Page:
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Review: Brutal Wolfenstein 3D

Updated on May 4, 2017
Anti-Valentine profile image

Anti-Valentine reviews PC games and writes about the video game industry. He also sells games and gets commissions through Amazon.

Wolfenstein 3D was originally meant to be so much more. As fans of the game and of the series will know, there were gameplay elements catering to a stealthier approach that ended up being removed due to technological constraints. Id Software or course said they were going with a more action-orientated approach. Its arcadey shooter approach worked though because it very obviously helped garner interested in the budding first person shooter genre. And of course once Doom was released the following year, well, the rest is history.

Features that were originally planned for Wolf 3D

  • Dragging dead bodies out of sight.
  • Swapping uniforms with fallen guards to use as a disguise.
  • Silent attacks on enemies that wouldn't arouse suspicion.

Brutal Doom has been influential itself in motivating people to revisit old school shooters, and modders to do more than just give a game a new coat of paint with 3D models and high resolution textures. The focus is more on gameplay. Now while some might dismiss Brutal Doom as a glorified gore mod, at least in my opinion, it does add more to the game, and has inspired countless addons that do the same. You have a visor mod which acts as the HUD for the player, new weapons, new enemies, new enemy abilities (check out Project Brutality for imps that can cling to ceilings, revenants that can use their jetpacks to fly, and hell knights that can execute even more vicious attacks and fatatities than before). In fact judging by what I've seen, some of these ideas generated by the community are making it in the base game of Brutal Doom. And the maker of Brutal Doom has even made a new campaign to showcase a lot these new features, with more amazing new levels to come.

Brutal Doom has been influential itself in motivating people to revisit old school shooters, and modders to focus more on gameplay than looks.

Some have commented that Brutal Doom is how the original Doom should have played in the first place.

In more recent years we've seen the Brutal treatment applied to Quake, Half-Life, Duke Nukem 3D, and now this approach is being taken with Wolfenstein 3D, and from then on possibly even Brutal Spear of Destiny in future.

Years ago after trying various source ports for Wolf 3D, I found I was left wanting more, and now this is where I've found what I was looking for. You don't need Wolf 3D to play this, as it is a mod for Doom II, and not only are there more accurate weapons to that time period, such as the Luger pistol, Kar 98 rifle, MP 40 submachine gun (as well as allied weapons like the Thompson submachine gun and M1 Garand), but also new animations for shooting and reloading, which includes being able to aim down the sights of weapons, and being able to execute melee attacks.

Click thumbnail to view full-size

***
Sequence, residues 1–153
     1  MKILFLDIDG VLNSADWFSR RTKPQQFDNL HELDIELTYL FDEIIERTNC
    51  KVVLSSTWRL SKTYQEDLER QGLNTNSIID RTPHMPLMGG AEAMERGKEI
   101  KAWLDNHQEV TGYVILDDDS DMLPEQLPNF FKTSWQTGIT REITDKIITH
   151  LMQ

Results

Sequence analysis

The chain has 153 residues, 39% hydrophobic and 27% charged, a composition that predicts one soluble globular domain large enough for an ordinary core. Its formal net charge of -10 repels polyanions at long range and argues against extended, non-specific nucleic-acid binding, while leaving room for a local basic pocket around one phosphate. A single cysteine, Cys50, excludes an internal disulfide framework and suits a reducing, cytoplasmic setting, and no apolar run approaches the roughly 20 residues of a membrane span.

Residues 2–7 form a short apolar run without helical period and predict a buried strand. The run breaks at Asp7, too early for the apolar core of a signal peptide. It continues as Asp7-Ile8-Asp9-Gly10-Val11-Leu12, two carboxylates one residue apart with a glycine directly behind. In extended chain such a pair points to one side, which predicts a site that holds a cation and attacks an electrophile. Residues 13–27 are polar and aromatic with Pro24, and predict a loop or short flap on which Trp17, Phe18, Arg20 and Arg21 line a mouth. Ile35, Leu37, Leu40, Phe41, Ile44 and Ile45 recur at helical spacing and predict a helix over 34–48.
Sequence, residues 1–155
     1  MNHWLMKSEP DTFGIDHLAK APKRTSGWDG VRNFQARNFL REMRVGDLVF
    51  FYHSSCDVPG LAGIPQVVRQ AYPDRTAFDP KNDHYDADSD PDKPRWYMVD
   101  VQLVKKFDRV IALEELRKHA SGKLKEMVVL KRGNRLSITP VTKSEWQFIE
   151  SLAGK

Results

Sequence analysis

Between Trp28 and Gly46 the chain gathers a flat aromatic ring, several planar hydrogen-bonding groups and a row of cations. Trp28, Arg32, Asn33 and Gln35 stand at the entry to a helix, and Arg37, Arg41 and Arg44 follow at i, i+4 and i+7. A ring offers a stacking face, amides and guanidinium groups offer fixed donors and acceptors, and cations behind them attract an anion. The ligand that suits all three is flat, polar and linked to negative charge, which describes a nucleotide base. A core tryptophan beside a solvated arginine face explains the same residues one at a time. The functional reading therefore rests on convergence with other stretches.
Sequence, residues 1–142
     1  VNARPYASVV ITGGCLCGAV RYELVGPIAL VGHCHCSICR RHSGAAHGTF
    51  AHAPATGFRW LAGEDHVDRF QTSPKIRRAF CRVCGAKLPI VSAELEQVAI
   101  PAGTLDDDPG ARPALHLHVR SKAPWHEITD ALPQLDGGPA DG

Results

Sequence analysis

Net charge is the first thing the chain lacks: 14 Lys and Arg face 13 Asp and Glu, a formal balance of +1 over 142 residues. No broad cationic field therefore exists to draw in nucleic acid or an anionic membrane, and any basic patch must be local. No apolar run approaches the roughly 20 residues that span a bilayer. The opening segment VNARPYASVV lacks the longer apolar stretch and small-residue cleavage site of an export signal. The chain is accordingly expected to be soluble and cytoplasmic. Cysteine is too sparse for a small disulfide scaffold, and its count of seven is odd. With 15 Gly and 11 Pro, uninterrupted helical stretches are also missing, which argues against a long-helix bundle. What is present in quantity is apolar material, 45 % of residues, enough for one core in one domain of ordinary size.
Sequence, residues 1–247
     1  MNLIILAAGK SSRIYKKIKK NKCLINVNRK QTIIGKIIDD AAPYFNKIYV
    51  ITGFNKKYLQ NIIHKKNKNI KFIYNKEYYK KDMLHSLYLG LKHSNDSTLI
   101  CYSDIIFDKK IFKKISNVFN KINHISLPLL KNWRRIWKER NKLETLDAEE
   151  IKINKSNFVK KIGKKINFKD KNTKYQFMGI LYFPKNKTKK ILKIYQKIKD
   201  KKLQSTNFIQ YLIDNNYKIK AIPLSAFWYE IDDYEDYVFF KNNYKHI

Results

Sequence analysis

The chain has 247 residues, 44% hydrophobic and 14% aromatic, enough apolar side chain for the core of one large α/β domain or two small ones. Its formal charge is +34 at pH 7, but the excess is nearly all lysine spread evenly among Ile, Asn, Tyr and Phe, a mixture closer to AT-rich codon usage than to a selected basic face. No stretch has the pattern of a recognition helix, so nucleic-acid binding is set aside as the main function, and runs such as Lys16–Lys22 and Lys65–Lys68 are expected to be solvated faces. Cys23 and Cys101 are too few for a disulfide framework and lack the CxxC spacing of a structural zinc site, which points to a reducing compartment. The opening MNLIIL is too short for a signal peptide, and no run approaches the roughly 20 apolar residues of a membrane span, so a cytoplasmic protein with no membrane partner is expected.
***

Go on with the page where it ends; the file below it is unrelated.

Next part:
You also have access to grenades that you can use to help clear out rooms of soldiers, of which there are new types, like the flamethrower troopers and the SS commander (the sprite borrowed from SoD). Existing enemies famous to those who remember and still play the original have been upgraded too – some guards carry rifles instead of just pistols, and those sneaky officers carry MP 40 submachine guns and sometimes they themselves can throw grenades at you! Boss encounters have been upgraded too so if they weren't challenging enough before, they sure as hell are now.

Doom II: Hell on Earth
Doom II: Hell on Earth

You'll need Doom II: Hell on Earth if you want to play the Wolf 3D campaigns or use it with any wads.

 

Secret areas are more rewarding then ever, as you can often find supplies caches like weapons and ammunition left by the allies, and there is even destructible terrain, like blowing up pillars so you can reach hard to reach places. And yes, those green barrels you find around levels can and do explode when shot, just like in Doom. In fact, many of the levels in the game are being redesigned so they look a lot more pleasing to the eye – higher ceilings, more elaborately designed walls and floors, and better lighting effects will make this dated game really pop. There are also stairs in levels and elevators, taking you to higher and lower terrains within a level.

There have been several versions of the mod released to date, culminating in the latest remastered version 4.5. Version 5.0 is still a work in progress, and when finished, promises to be quite a lot more advanced than previous versions already available.

Some were sceptical at first about the concept of this mod. They claimed that if you wanted to play a gory version of Wolf 3D, just play ROTT – which I'm sure will receive its brutal makeover at some point too.

It's a stigma that the Brutal slogan has yet to shake, but I think while other games might fall prey to it more often than not, Brutal Wolf might just be one of the exceptions, as it goes beyond mere minor changes, and explores more in the way of changes to gameplay and level design while trying to maintain the core feel of the original.

Needless to say, I think it has a lot of potential, and what has been shown so far is only a fraction of what is possible and will be achieved in future.

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© 2017 Anti-Valentine

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